Make your own free website on Tripod.com
new york christian law society
Chapter 6 - Law and Motions

HOME

CORPORATE RESEARCH ASSISTANT
New Legal Resources
Employment and Career Sites
Paralegal Cyber Resources
Resume of Ken Ketchum, Paralegal
Areas of Concentration
Sarkar Theory of Social Cycles and Class Hierarchy
African American Websites
Federal Tax Law
Legal Links
Sample Legal Briefs
Legal Brief Reporter
How to Shepardize
Chapter 1 - Litigation Essentials
Chapter 2 - Case Investigation
Chapter 3 - Case Evaluation & Strategy
Chapter 4 - Parties & Jurisdiction
Chapter 5 - Pleadings
Chapter 6 - Law and Motions
Chapter 7 Motions
Career Specific Sites
New York Court Reporting System
Law Center/Free On-Line Dictionary
Subject Matter Jurisdiction
Legal Research Tutorials
American Digest System: Finding Court Cases
US Federal Laws/State Laws
Christian News Links
Guerilla News Network
Lewis News
Week 1 Notes
Week 2 Notes
Thursday & Monday Evening Legal Research Notes 3/27-3/31/03
Contracts - Entire 3 Classes March 27-April 2, 2003
Evidence Notes - Entire 3 Classes March 28 - April 3, 2003
Contracts and Federal Rules of Evidence Exam
Legal Employment Websites
Fitness Training Manual
Real Estate Law Notes
Criminal Law Day One Notes - Professor Cornell Odoms
Contracts Final Exam Cram
Federal Rules of Evidence
New York Criminal Law and Procedure
Criminal Procedure Day 2 Notes for April 10, 2003
Evidence Exam Cram
Corporations Notes
Intellectual Property
Corporate Law 3 Hyperlinks
Paralegal Bulletin Boards
Online Learning Academy
Real Estate Page
Bankruptcy Forms
Real Estate Links
Business Planning
Non-Profit Development
Federal District Court Forms
EEOC/Unemployment Comp Info

CHAPTER OBJECTIVES

As part of the litigation process, you will be involved in drafting and responding to many pretrial motions.  Although the types of motions and requirements for motions differ from court to court, there are some standard motions with uniform requirements that you must be familiar with.  Before beginning the exercises, review the specific objectives for this chapter of the text.

What the general requirements are for all motions

            How to obtain an extension of time and a continuance

 When to serve motions

          When there must be a substitution of parties

 Why a case may be removed to federal court


TESTING YOUR COMPREHENSION

 

Test your comprehension of Chapter 6 by answering each of the following questions.  Circle true or false for each answer.  Although the answers may be found in the main text, try to answer each question before referring to the text.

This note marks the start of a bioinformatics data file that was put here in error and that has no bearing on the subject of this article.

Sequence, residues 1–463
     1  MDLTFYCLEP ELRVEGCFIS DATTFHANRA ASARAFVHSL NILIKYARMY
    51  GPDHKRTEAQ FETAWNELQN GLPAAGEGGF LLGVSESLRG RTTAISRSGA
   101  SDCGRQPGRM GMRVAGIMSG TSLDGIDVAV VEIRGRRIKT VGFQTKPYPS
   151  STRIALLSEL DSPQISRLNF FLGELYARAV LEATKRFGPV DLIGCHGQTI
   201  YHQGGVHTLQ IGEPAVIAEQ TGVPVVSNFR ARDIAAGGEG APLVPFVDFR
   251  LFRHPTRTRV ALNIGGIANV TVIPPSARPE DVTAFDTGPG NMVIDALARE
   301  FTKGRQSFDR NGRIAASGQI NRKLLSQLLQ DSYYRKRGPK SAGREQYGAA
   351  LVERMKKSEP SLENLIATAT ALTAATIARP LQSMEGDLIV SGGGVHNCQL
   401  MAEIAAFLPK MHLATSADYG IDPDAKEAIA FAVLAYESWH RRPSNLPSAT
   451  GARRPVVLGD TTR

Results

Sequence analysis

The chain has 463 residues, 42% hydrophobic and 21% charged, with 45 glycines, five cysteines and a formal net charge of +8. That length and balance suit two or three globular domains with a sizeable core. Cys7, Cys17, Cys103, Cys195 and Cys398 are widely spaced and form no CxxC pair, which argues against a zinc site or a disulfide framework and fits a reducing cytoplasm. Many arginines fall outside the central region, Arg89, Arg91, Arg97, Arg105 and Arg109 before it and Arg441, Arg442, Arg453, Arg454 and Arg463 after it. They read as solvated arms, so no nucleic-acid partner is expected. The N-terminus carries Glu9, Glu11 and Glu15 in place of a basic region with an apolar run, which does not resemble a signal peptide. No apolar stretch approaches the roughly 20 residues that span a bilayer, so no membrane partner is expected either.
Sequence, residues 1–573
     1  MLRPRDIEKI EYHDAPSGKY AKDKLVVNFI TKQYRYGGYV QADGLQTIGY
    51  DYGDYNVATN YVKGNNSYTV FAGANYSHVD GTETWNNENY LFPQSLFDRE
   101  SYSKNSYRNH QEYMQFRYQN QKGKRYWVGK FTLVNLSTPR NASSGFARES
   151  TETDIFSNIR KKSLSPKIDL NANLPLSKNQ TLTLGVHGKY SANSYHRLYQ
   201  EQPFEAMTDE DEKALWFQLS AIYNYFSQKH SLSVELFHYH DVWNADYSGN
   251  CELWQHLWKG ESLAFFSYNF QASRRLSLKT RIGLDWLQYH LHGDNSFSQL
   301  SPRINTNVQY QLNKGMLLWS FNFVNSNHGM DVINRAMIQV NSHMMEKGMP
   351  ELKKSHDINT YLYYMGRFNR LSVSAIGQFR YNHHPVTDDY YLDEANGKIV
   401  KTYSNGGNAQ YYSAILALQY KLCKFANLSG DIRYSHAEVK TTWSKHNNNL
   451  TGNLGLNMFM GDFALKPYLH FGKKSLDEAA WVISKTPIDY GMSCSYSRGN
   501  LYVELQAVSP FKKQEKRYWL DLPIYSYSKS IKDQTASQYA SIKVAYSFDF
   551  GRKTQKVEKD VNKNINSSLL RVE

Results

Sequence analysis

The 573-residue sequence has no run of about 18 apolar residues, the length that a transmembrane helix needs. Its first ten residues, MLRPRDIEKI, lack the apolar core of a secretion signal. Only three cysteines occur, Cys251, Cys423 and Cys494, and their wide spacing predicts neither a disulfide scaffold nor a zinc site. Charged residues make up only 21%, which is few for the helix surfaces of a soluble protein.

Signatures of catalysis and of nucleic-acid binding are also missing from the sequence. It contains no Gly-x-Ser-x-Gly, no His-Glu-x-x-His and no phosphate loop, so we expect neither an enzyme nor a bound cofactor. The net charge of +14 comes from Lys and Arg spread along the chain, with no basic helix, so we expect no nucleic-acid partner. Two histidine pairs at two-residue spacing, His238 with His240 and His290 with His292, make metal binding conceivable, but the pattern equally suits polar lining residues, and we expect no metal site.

1.                                 T          F          All motions must be served on the opposing party by hand.

2.                                 T          F          Following service of the motion, the originals of the notice and motion should be filed with the clerk of the court along with a proof  of service.

3.                                 T          F          The party bringing the motion is generally referred to as the moving party.

4.                                 T          F          The party responding to a motion is generally referred to as the respondent (or responding party).

5.                                 T          F          If a motion to extend time is made after the applicable time period has expired, the moving party must show good cause for granting the motion.

6.                                 T          F          You do not need to follow the local rules governing motions so long as you follow the Federal Rules of Civil Procedure.

7.                                 T          F          Under the federal rules, a motion must be made in writing.

8.                                 T          F          As a matter of good practice, all documentation that accompanies a motion should be attached to and served with the motion.

9.                                 T          F          A proof of service is a certificate that states that service on the other parties has been made in a proper manner.

10.                                T          F          The proof of service should never be attached to the motion.

11.                                T          F          A memorandum of law is the same as a declaration or affidavit.

12.                                T          F          Once a lawsuit is filed, there may not be a substitution of parties.


13.                                T          F          A notice for removal of an action from state court to federal court must be made within 30 days after the defendant receives notice of the plaintiff's initial pleading.

14.                                T          F          A verified petition is no longer required under the Federal Rules of Civil Procedure when a defendant wishes to remove an action from state court to federal court.